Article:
I’m on a mission to convey to people everywhere that working on your emotional life is a positive and useful endeavor that yields good results. I may have my work cut out for me. I have a deep concern that most people have negative associations with words like therapy or mental health. Essentially, I worry that people think they are healthy as long as they don’t “need” to go to therapy. Therapy is seen as evidence of illness, instead of a way to accomplish wellness. I love what I do. My day tends to be uplifting, fun, interesting, inspiring and motivating. The fabulous clients I work with do come for depression, anxiety, trauma, anger, and other issues. I listen, empathize, and validate feelings. The work, however, is focused on finding ways to make life feel better and more fulfilling. Through . . . read more
In a memorable moment in graduate school, my professor said, “A good social worker needs to walk the walk, not just talk the talk.” I knew instantly that it was true. It is helpful and necessary in my job to say things, make suggestions, offer observations, provide encouragement, and form recommendations. However, it’s not enough. I believe that a really great therapist needs to be willing to do the very things he or she endorses. It’s a worthwhile endeavor that I’m trying for, and maybe sometimes achieving. While I certainly do not want to dominate therapy with talking about myself, I do want to at least acknowledge that I’m a human too. I have things I work on in life. I’m a fellow traveler in this journey through a complicated human existence. As much as possible, I’m trying to do . . . read more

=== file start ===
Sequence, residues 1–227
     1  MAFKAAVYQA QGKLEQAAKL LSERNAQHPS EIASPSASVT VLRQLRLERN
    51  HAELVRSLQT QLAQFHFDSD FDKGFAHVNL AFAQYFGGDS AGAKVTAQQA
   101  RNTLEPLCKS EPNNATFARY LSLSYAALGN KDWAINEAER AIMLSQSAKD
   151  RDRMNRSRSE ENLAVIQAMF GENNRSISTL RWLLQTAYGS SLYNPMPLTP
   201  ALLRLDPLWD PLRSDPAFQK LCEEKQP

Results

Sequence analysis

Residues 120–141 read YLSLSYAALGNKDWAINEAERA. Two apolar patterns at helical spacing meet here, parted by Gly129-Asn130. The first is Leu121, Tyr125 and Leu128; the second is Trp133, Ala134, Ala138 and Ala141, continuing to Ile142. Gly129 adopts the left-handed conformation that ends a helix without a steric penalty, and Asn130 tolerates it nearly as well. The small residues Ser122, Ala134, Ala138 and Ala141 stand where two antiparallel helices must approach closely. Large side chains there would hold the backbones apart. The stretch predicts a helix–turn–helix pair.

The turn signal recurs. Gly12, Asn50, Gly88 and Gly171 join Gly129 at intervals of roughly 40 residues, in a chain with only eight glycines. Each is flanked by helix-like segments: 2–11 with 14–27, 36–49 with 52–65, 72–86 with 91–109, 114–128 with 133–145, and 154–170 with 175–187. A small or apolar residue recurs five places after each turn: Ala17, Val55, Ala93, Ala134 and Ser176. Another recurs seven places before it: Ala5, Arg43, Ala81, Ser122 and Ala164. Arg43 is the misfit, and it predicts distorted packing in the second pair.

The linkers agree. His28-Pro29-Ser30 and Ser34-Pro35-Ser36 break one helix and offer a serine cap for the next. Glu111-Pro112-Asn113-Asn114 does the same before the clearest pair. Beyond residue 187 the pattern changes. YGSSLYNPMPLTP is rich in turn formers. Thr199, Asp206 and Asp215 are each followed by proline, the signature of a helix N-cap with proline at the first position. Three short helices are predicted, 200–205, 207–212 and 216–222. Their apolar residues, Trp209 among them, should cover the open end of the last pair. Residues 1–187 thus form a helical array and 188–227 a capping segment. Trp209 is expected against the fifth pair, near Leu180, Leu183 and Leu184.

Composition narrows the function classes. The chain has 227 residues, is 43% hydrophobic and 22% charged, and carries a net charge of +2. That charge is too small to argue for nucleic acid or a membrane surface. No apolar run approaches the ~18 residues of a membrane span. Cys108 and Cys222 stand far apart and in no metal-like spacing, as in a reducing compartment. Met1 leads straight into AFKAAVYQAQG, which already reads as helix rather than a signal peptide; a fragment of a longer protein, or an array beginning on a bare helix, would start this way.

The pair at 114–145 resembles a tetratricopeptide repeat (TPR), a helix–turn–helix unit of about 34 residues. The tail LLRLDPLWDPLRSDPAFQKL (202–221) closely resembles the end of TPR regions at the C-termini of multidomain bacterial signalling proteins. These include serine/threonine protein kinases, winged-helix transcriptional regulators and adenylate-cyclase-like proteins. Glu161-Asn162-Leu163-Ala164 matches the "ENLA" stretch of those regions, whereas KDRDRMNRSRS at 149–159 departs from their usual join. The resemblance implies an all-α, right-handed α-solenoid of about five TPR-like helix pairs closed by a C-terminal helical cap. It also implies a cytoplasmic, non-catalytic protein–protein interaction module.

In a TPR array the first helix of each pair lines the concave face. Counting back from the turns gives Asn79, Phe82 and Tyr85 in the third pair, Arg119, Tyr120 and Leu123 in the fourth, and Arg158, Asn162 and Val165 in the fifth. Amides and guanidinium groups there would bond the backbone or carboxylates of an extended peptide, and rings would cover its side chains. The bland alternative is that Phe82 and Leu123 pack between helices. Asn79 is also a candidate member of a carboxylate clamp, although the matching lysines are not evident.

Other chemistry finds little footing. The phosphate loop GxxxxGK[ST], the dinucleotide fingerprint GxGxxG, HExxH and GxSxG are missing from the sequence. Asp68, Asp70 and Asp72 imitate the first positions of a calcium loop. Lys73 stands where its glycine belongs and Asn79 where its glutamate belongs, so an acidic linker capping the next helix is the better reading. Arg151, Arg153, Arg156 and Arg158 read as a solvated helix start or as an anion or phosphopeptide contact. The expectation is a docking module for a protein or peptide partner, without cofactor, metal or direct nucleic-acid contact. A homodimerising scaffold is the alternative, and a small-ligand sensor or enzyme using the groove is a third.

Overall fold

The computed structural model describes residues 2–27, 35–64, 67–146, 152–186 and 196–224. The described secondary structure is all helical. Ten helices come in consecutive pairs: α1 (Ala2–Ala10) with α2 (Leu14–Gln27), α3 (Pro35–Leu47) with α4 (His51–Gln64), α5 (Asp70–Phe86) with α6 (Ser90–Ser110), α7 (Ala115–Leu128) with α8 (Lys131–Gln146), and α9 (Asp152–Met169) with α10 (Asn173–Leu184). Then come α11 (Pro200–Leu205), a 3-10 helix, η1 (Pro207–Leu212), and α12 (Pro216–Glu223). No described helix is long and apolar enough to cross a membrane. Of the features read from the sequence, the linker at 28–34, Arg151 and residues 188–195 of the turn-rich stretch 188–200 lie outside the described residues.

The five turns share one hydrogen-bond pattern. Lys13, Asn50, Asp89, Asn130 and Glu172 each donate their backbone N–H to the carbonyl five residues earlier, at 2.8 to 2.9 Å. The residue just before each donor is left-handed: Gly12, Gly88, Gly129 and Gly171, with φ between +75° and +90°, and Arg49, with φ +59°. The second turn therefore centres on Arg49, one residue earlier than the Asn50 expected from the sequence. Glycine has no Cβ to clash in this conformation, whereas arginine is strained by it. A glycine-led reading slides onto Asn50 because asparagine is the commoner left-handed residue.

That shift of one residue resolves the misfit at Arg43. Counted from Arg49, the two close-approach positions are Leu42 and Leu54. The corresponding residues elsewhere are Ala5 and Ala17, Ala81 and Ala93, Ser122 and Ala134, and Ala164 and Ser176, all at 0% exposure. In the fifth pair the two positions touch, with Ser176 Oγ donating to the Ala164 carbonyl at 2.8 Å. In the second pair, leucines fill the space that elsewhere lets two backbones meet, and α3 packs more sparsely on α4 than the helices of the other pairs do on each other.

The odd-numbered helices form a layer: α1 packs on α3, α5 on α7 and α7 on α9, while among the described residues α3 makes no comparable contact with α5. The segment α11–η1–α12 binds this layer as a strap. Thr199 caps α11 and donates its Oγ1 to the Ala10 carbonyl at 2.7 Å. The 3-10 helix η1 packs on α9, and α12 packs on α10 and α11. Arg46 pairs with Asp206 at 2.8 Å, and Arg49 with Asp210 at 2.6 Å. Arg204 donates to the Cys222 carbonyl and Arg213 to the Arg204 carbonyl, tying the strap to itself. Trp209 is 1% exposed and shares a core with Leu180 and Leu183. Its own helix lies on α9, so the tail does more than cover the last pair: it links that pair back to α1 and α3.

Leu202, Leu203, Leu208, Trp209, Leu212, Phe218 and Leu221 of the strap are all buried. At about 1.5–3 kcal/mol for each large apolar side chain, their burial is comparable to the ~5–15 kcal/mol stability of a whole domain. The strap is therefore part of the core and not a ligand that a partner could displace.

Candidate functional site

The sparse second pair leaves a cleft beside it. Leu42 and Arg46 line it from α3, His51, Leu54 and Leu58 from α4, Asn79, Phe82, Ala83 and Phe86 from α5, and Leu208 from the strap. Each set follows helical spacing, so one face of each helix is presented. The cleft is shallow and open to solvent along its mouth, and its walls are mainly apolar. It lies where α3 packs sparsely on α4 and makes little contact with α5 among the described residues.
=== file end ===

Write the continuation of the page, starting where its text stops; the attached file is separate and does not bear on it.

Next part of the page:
Okay, so this topic is bigger than a blog post can contain, but it’s a start. I’m so worried about this problem, I need to start talking about it every place I can. The problem: many people, and most notably young people, feel that their worth is in question. They (or really “we”) feel that worth is tied to things like GPA, salary, position, social class, appearance, romantic success, productivity, cleanliness, organization, keeping up with milestones, how cool you look on Facebook…pretty much everything. It’s always at stake. “Am I good enough?” is the question plaguing so many wonderful, lovely people everywhere. The interesting thing for me is that many people who look like they are succeeding on many of these measures are the ones who feel the worst. I think it’s because when you are acutely aware of what . . . read more
Big news: the move is complete and today was the first day operating out of the new office at 203 Anderson Street! The new space features more space, more light and views of the Back Cove in Portland. I’m loving the East Bayside location, just off of Marginal Way and 295. I’m neighbors with cool local businesses like Urban Farm Fermentory (your source for quality fermented foods), Zero Station (digital printing and framing), and Portland Power Yoga. Who wouldn’t love being around artists, culinary geniuses, and yogis? I’m also conveniently located off of Bayside Trail, the Back Bay Trail, and the Eastern Prom Trail. I hope you will consider New Approaches for individual and family therapy and maybe have a walk and support some local Portland businesses while in my new neighborhood!
I get excited when clients make breakthroughs. They are also really excited, and so we both feel terrific. This week, a client pointed out that not every session contains a breakthrough. “That’s true,” I admitted. It got me thinking about the importance of having a breakthrough- a sudden “click” or an “ah-ha” moment. Should I be trying to get people to have one at every session? As motivating and energizing as a sudden advancement in knowledge or awareness can be, a breakthrough is just one aspect of therapy. That is the answer that came to me in the place where I have most of my breakthroughs: the gym. Having come off yet another small winter illness, it felt like a feat just to show up. That was my breakthrough. Just showing up is the real work of any long-term commitment . . . read more